The countdown to the Singapore general election has officially started.
The next general election is known to take place before April 21, 2021, but Prime Minister Lee Hsien Loong has determined that it could take place earlier.
In addition, the People & # 39; s Action Party (PAP), which has ruled Singapore continuously for 61 years, rarely waits until the end of a five-year term to get a new mandate.
On March 13, the Electoral Boundaries Review Committee (EBRC) released the election limits report, signaling that elections are imminent.
Earlier elections ranged from one day, one month to 26 days between the publication of the report and the dissolution of Parliament. The election must take place within three months of the date of the dissolution of the parliament.
In the past, the government often planned elections shortly after the budget was passed to introduce the new policy popular with voters.
Given the time it takes for budgetary measures to reach and benefit voters, April or May is a very likely window of choice. In addition, the 2006 and 2011 elections were scheduled shortly after the May budget.
Will elections take place in the middle of COVID-19?
On March 14, PM Lee said in a Facebook post that the date of the next general election "will depend on the situation (COVID-19) and the outlook".
He predicted that the pandemic is likely to continue for a year or more and that its economic impact is likely to be "more severe than the global financial crisis and longer after the pandemic ends".
We have two options. Either hope and pray that things will stabilize before the end of the term so that we can hold elections under more normal circumstances – but we have no certainty about it.
Or call early for elections, knowing we are going into a hurricane to choose a new government with a new mandate and full term that can work with Singaporeans on critical issues.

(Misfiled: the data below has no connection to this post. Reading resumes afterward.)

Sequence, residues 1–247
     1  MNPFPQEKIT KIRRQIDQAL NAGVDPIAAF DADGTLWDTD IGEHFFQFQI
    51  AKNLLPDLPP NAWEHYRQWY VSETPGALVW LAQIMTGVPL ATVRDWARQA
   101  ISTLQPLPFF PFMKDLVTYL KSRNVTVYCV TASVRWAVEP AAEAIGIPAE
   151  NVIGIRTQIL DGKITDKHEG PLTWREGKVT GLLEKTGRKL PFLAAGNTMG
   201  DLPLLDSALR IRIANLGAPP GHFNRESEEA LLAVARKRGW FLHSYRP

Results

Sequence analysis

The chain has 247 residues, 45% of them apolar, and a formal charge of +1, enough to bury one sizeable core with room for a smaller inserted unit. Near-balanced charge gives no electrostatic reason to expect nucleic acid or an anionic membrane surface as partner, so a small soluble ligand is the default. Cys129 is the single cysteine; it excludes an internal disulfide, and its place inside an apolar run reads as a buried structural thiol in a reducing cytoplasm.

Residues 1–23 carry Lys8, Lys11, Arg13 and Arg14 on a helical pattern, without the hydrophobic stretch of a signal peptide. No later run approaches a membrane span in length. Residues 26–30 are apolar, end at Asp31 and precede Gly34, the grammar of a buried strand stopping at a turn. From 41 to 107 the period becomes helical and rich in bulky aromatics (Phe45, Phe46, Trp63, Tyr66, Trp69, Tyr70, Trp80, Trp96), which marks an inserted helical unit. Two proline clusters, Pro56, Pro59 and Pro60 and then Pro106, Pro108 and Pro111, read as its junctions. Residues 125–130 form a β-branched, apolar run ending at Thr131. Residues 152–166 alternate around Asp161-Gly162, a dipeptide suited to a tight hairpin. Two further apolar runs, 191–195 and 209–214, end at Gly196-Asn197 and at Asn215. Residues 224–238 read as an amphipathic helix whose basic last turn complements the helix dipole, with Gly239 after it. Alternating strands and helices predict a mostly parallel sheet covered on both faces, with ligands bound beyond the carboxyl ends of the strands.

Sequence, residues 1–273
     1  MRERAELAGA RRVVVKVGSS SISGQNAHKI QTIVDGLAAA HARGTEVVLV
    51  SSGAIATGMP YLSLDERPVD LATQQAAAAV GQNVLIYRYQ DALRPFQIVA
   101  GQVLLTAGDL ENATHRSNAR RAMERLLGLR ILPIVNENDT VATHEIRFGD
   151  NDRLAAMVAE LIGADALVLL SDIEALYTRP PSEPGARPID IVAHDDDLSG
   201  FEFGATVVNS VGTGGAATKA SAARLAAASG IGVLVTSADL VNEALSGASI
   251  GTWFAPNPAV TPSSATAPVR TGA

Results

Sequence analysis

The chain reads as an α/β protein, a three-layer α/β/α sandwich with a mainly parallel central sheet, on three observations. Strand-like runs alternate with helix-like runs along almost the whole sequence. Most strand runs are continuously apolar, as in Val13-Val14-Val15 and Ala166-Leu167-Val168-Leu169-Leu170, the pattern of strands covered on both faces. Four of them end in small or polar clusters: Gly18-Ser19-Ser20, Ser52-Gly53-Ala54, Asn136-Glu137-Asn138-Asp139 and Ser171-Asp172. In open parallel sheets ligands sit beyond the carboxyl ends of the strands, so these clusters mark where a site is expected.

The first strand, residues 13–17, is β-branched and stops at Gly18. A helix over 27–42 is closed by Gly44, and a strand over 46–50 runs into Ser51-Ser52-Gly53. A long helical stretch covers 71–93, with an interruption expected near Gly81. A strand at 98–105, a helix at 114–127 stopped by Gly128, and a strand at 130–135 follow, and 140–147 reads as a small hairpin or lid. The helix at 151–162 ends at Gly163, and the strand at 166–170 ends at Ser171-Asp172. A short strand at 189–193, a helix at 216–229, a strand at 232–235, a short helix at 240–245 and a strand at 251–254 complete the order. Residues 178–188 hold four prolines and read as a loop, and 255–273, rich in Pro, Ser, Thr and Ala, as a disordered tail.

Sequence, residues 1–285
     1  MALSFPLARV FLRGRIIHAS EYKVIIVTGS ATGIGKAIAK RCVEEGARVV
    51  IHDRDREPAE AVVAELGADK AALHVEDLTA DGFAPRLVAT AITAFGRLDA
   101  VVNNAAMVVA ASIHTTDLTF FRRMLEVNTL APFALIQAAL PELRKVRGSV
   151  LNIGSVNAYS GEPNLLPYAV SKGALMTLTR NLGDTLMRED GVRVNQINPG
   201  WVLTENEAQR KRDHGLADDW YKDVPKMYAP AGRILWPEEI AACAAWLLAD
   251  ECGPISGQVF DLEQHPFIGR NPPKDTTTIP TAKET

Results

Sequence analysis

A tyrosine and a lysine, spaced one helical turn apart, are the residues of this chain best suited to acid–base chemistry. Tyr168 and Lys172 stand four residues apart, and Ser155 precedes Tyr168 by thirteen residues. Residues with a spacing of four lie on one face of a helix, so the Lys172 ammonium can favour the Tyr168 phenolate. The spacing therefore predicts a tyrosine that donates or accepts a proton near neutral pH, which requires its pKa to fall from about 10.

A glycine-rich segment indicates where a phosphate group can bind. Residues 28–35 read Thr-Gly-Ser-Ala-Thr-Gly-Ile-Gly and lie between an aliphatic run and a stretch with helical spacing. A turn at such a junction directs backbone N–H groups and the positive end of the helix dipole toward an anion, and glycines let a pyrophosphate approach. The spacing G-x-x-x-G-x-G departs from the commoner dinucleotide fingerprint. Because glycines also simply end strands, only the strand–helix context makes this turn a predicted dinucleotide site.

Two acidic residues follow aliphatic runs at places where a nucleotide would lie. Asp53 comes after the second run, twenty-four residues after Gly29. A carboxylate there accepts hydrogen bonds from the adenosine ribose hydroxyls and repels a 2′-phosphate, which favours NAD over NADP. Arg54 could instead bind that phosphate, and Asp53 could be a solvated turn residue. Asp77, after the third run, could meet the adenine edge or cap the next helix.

If we have to hold elections before COVID-19 is over, we will take all necessary steps to ensure that the parties can campaign effectively and that people can vote safely.
– Prime Minister Lee Hsien Loong
Dr. Tan Cheng Bock, who heads the Progress Singapore Party, proposes the formation of a "caretaker government" that goes beyond the two options.
"If the pandemic is still with us by then (April 2021), the president can exercise her gentle power and form a caretaker government made up of some of the current MPs," he said.
High-ranking minister Teo Chee Hean rejects that a caretaker government lacks the mandate of voters and therefore cannot make important decisions on behalf of Singaporeans.
He added that it was "unconstitutional" to postpone elections without a state of emergency.
Despite the many crises that Singapore has weathered, it has not extended its election term or declared a state of emergency since independence. "It is not a precedent that we should set lightly," said Teo last Wednesday (March 25) in parliament.
Regardless, national development minister Lawrence Wong hinted that Singapore would vote sooner rather than later.
"Whatever the timing of the election, since it must take place by April 2021, it is very likely that it will have to take place when COVID-19 is still circulating in our midst – that is the reality," he said in a CNBC Interview.
Now is the best time for PAP to hold an election
So if we asked for an early election, would it be a good idea to hold it in the midst of the pandemic?
Some bipartisan voices have emerged saying that the government should get over the worst of the crisis before holding elections.
They argued that a choice during an outbreak violates all precautions taken to curb the spread of the coronavirus.
The SDP even said that if the PAP called for elections, it would be an "irresponsible act".
It added that all government resources should be aimed at combating the spread of the coronavirus and that PAP should not "benefit from the crisis" and endanger public health.